The Arden Theatre, located at 40 N 2nd Street in Olde City is presenting Greg Bank’s play version of The Jungle Book on its Arcadia Stage through June 21. This world premiere production is nothing short of incredible for kids and adults alike.  Imagine yourself in Rudyard Kipling’s jungle with Shere Kahn the Tiger, Bagheera the Panther and Mowgli the man-cub climbing all around you. Listen to the hissing of Kaa the python, and the caws of the vultures.  Laugh at the foolishness of the monkeys. Witness the protective nature of the Mother and Father wolf.  The show is not amazing merely for the set, which truly places the audience right in the middle of the jungle and all the action. And it is not the only show which has portrayed animals with clever costuming.  Nor is it remarkable simply because each of the cast members plays the role of four different animals in the jungle with the exception of Thaddeus Fitzpatrick who is visible almost the entire time as he portrays Mowgli, the man-cub. Taysha Canales, Charlie DelMarcelle, Sean Lally and Nikki E. Walker change their costumes faster than you can blink and become new persona, swinging from trees, climbing vines, or slithering through the jungle. All are agile and fleet of foot and leap through the jungle before your very eyes. The sound system is extraordinary and the jungle sound effects must be heard to be believed. The most memorable parts of this delightful production, however, are the frequent sounds of young voices laughing. While adults may chuckle, youngsters are hysterical and this is a production of Arden’s Children’s Theatre, after all. This is definitely a show to be enjoyed by everyone, but if you have young children in your life, be sure to take them to see this production.  You’ll certainly enjoy their reactions.  For more information or tickets, call 215-922-1122 or visit online at 

Saturday, April 18, 2015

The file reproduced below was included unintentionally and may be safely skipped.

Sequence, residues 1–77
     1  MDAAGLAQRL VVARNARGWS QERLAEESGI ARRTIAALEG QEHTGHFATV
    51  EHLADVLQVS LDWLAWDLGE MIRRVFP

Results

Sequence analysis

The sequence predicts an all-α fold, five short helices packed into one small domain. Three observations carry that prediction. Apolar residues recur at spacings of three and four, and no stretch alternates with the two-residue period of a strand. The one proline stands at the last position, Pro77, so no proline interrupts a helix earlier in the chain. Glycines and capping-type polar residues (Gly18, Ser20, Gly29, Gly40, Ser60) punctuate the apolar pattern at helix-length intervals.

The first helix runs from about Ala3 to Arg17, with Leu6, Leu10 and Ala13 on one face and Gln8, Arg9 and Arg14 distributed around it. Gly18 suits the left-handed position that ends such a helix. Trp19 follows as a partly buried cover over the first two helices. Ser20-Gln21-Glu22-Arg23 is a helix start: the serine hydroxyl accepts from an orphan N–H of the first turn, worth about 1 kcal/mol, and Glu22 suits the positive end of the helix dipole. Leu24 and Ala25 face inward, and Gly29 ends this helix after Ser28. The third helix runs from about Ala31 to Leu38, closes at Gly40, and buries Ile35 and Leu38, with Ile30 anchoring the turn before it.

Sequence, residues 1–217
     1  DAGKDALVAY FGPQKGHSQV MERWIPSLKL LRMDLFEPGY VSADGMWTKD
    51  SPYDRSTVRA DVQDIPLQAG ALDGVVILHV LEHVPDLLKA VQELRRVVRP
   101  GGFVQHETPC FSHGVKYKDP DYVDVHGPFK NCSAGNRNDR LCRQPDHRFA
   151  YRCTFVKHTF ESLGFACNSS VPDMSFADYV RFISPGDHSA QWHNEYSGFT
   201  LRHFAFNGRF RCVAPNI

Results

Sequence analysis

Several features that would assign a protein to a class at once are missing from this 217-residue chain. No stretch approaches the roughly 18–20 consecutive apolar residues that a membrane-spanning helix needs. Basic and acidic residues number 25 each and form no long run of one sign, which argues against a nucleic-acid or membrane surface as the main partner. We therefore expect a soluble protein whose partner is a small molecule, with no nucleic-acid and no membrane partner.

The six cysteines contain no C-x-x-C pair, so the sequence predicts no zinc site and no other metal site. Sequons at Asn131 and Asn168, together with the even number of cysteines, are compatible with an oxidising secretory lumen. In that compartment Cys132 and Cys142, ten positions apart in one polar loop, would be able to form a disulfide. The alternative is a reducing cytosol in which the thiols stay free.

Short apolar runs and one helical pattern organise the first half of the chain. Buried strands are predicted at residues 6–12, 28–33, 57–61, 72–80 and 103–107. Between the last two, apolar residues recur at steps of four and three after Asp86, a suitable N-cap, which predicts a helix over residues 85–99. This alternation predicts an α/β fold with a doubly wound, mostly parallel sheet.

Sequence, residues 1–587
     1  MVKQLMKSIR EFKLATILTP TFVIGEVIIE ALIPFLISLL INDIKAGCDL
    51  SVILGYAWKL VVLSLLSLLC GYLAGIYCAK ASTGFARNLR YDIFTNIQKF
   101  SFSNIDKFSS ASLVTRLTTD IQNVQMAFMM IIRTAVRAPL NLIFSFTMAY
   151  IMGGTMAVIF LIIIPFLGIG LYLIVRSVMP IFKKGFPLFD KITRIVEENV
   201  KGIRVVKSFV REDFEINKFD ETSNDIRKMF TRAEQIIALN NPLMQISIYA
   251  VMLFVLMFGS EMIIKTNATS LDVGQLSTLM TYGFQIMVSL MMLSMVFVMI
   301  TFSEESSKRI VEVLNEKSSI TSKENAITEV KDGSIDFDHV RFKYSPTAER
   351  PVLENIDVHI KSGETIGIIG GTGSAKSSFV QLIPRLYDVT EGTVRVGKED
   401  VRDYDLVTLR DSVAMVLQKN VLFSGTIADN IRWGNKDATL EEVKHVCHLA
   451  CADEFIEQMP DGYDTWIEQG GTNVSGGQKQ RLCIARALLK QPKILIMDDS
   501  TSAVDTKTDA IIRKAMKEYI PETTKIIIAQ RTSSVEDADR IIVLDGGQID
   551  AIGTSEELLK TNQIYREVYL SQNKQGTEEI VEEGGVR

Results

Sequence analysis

The Golden Coach

The Golden Coach, adapted by Yaga Brady from one of Prosper Mérimée’s classic French farces will be presented at the Stagecrafters Theater, 8130 Germantown Avenue in Chestnut Hill, through April 26.   It is surely a tribute to Ms. Brady that she has taken an 18th Century one act play and re-conceived it in contemporary language as a two act comedy-farce.  She says that she loves to work with “…period pieces, re-read them and rediscover in them issues, questions, lines references, which, in the re-visiting, make complete sense within a  contemporary perception of the world."  Thanks to a large production staff,  there are excellent period costumes and wigs for this piece which takes place in the 1700's in Lima, Peru. The set is cleverly constructed to convert from a viceroy’s palatial setting to the home of his mistress with the flick of a wrist. The story line is very foolish.  This is to be expected of a farce, but one might have hoped for a few more laughs. Carol Enoch does a credible job as actress Micaela, known as Perricholi, but Steve Sussman, portraying Monsignor d’Esquivel steals the show. The laughs emanate from his portrayal of a befuddled clergyman. Performances are Thu-Sat @ 8 pm and Sun. @ 2 pm. This charming theater is nearing the end of its 86th season.  Good People, directed by David Lindsay Abaire, will be produced in June. For more information or tickets, call 215-247-8881 or visit online at  

Sunday, April 12, 2015

The Hairy Ape

Matteo Scammell and Ensemble
EgoPo Classic Theater is wowing audiences with its final production of the season, Eugene O’Neill’s here-to-fore little known The Hairy Ape. It can be experienced at The Latvian Society, 531 North 7th Street through April 26. O’Neill was considered to be one of the first playwrights to create characters that are trapped on the fringe of society and Matteo Scammell, as Yank, offers us a profoundly moving picture of such a character. “You don’t belong but I do,” he fumes to anyone who will listen; the upper-class daughter of a steel magnate, an older member of the firemen crew, a union rep for the working class, animals in the zoo. "You don't belong but I do," and yet, as he begrudgingly discovers, he doesn’t.  This production is a very physical and challenging one not only for Yank, but for the entire ensemble as well.   From climbing up poles to acrobatics on stage, everyone displays clear talent. Members of the audience are also fiercely tested, as they become engrossed in the hushed whispers and quiet singing of the ensemble, only to be forced to shift gears when presented with drunken comradery and raucous squabbling below the bowels of the ship. Through it all, the one remaining constant is Yank’s abysmal solitude and his inability to change society’s views of him. Eugene O’Neill’s The Hairy Ape has rarely been seen. Don’t miss your opportunity to see the gem that EgoPo has produced.  For more information or tickets, call 267-273-1414 or visit online at